A disabled widow facing homelessness has been given permission by the Court of Appeal to bring a claim against her late husband’s estate despite missing the legal deadline to do so by a year.
The court, overturning a previous judgement, declared it was ‘just and proper’ in the circumstances to give 60-year-old Ms Suriya Begum more time to pursue her claim.
It said the merits of her claim were strong – her husband, Mr Mohammed Yousaf Kahn, had made no financial provision for her in his Will leaving his entire estate to his daughter, Shakila Ahmed, who wanted to sell the home Ms Begum had lived in since 1993.
This decision adds some further clarity and consistency to how late, or out of time, applications under the Inheritance (Provision for Family and Dependants) Act 1975 (the Act) may be approached in the future.
It follows the Court of Appeal judgement in Cowan v Foreman which also indicates that out of time Will disputes should be considered on a case by case basis with the prospect of success a more important factor than the reasons for any delay in bringing the claim.
Currently, the Act stipulates that any claim must be brought within six months of the date of the grant of probate unless the court gives special permission to proceed out of time.
Whilst it is always best to bring a claim as soon as possible, these latest cases show that if you’re unhappy with the provision made for you in a Will, it may still be worth taking advice to see if you can bring a claim even if you have missed the strict legal deadline for doing so.
Mr Kahn died in March 2015 leaving his entire estate, which mostly comprised of his house in Dudley, to his daughter Ms Ahmed whom he’d also appointed as his personal representative. His Will made no provision for Ms Begum.
Probate was granted on 11 April 2016 with the six month deadline to bring a claim expiring on 10 October 2016.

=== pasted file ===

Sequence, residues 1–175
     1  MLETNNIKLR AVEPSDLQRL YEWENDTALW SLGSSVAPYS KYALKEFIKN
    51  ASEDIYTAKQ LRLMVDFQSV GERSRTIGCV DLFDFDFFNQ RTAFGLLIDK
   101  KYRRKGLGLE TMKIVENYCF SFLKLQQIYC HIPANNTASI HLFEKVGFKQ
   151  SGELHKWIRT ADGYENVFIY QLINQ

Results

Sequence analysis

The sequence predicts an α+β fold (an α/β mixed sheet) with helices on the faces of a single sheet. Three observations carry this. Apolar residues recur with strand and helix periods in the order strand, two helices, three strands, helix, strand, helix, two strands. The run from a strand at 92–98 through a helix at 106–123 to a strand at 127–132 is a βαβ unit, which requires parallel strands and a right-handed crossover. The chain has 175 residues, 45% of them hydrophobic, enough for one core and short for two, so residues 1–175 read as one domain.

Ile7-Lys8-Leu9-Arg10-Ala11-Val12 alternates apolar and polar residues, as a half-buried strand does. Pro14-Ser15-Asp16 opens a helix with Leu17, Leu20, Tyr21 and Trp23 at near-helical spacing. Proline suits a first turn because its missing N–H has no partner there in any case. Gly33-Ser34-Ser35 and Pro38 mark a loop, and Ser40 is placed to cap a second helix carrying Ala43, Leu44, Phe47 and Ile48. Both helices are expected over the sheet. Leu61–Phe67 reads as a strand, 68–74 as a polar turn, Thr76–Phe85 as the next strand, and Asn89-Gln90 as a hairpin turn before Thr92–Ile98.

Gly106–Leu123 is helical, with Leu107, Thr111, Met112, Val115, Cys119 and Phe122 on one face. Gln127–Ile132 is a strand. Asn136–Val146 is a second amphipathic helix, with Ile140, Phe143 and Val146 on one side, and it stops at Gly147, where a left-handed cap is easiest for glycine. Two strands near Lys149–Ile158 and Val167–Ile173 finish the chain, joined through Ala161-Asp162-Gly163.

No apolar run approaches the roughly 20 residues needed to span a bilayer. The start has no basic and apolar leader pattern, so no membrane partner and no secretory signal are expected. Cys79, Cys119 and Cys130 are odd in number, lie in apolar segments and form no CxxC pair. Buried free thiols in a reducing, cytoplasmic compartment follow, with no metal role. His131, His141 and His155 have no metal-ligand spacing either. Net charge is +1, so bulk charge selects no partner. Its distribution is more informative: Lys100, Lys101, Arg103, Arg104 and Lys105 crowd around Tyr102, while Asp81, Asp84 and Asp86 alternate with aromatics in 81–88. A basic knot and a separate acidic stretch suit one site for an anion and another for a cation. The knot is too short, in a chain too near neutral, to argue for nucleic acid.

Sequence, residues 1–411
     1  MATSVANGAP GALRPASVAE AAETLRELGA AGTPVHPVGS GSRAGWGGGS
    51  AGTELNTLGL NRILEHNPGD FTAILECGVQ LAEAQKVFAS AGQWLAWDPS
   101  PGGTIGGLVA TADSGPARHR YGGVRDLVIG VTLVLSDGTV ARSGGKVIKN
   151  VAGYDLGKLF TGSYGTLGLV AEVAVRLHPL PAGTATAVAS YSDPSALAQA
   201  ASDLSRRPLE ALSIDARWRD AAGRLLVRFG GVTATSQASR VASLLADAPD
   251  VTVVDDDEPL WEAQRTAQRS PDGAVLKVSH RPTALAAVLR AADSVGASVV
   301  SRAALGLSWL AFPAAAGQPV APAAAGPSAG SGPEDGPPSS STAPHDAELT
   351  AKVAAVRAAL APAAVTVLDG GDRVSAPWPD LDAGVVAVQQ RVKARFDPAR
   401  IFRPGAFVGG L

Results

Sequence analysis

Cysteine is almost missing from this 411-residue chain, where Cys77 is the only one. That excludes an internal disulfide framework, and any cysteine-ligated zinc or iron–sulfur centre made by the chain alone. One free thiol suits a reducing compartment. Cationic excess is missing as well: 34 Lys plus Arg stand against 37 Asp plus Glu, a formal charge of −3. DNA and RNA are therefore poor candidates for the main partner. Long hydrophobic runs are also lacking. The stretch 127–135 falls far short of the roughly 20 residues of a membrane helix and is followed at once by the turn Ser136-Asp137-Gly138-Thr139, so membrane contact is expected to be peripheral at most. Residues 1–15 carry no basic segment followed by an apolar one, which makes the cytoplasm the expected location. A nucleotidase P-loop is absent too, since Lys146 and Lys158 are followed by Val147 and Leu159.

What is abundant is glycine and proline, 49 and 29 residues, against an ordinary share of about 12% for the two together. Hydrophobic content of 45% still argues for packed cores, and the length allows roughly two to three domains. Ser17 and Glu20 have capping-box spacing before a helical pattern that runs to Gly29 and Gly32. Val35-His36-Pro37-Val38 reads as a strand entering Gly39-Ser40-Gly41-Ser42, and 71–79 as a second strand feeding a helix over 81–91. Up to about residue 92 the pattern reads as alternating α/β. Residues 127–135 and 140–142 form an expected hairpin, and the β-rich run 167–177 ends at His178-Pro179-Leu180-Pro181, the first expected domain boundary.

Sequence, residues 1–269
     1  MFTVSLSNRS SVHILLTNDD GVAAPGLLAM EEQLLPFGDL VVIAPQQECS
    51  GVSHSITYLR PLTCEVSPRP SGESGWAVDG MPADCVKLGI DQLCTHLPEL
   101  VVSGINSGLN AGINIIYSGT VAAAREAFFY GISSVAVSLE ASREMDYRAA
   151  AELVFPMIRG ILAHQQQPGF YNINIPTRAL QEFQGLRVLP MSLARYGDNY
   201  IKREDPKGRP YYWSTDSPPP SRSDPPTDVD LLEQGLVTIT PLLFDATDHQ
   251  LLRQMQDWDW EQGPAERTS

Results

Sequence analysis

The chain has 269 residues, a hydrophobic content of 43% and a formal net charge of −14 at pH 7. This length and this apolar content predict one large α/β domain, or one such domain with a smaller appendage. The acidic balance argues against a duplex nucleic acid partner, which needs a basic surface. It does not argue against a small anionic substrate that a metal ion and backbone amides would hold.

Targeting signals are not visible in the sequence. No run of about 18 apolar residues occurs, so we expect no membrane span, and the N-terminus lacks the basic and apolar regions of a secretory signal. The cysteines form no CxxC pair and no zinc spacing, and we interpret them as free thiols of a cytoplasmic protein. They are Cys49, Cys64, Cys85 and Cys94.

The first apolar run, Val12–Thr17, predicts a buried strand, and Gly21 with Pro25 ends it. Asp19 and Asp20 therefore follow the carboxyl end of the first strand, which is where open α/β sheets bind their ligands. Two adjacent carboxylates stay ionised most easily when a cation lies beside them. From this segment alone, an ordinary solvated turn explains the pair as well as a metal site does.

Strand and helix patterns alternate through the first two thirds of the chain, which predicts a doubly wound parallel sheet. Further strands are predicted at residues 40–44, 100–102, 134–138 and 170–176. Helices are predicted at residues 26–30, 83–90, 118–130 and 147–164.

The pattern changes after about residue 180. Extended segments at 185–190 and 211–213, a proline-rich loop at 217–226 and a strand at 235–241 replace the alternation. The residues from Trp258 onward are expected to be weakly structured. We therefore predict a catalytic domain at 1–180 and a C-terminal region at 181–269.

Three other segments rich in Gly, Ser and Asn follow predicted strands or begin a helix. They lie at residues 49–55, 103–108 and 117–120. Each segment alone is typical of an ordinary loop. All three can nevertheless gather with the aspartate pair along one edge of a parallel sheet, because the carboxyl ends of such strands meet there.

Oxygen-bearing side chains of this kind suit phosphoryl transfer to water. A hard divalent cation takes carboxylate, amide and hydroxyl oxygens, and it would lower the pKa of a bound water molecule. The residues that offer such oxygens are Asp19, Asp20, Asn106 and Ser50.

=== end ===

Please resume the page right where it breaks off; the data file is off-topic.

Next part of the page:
In June 2016, Ms Ahmed demanded possession of the house. Ms Begum’s solicitors countered by citing her entitlement to financial provision under the Act and also a challenge to the Will on the grounds that Mr Kahn lacked testamentary capacity when he made it.
Ms Begum then stopped instructing her solicitors and as a result, her claim for financial provision was not made by October 2016 when the six month deadline expired.
In November 2016, Ms Ahmed issued possession proceedings in relation to the house but it was only a year later in November 2017 that Ms Begum’s solicitors applied for financial provision under the Act.
A district judge and then a circuit judge both refused to give Ms Begum permission to bring her claim under the Act out of time. She then took her case to the Court of Appeal which gave her the go-ahead.
It’s clear that courts now have a wide discretion when considering how late a claim can be brought.
Even though it’s likely that only short delays will be permitted when bringing a claim in anything other than exceptional circumstances, it’s clearly worth taking legal advice to see exactly where you stand.
For help and advice about contesting a Will, please contact Wards Solicitors’ Contentious Trusts and Probate Team. The team is praised by the independent Legal 500 Guide for 2020 for its excellent track record in dealing with high-value disputes over Wills, trusts and probate. It is also commended for its handling of cross-jurisdictional issues including assessing the validity of Wills and the sale of property relating to deceased family members.
Head of the team, Elizabeth Fry, is highlighted as a key lawyer, regularly representing private and business clients on disputes relating to the Inheritance Act. She is described as experienced, knowledgeable as well as ‘compassionate, understanding and non-judgemental’.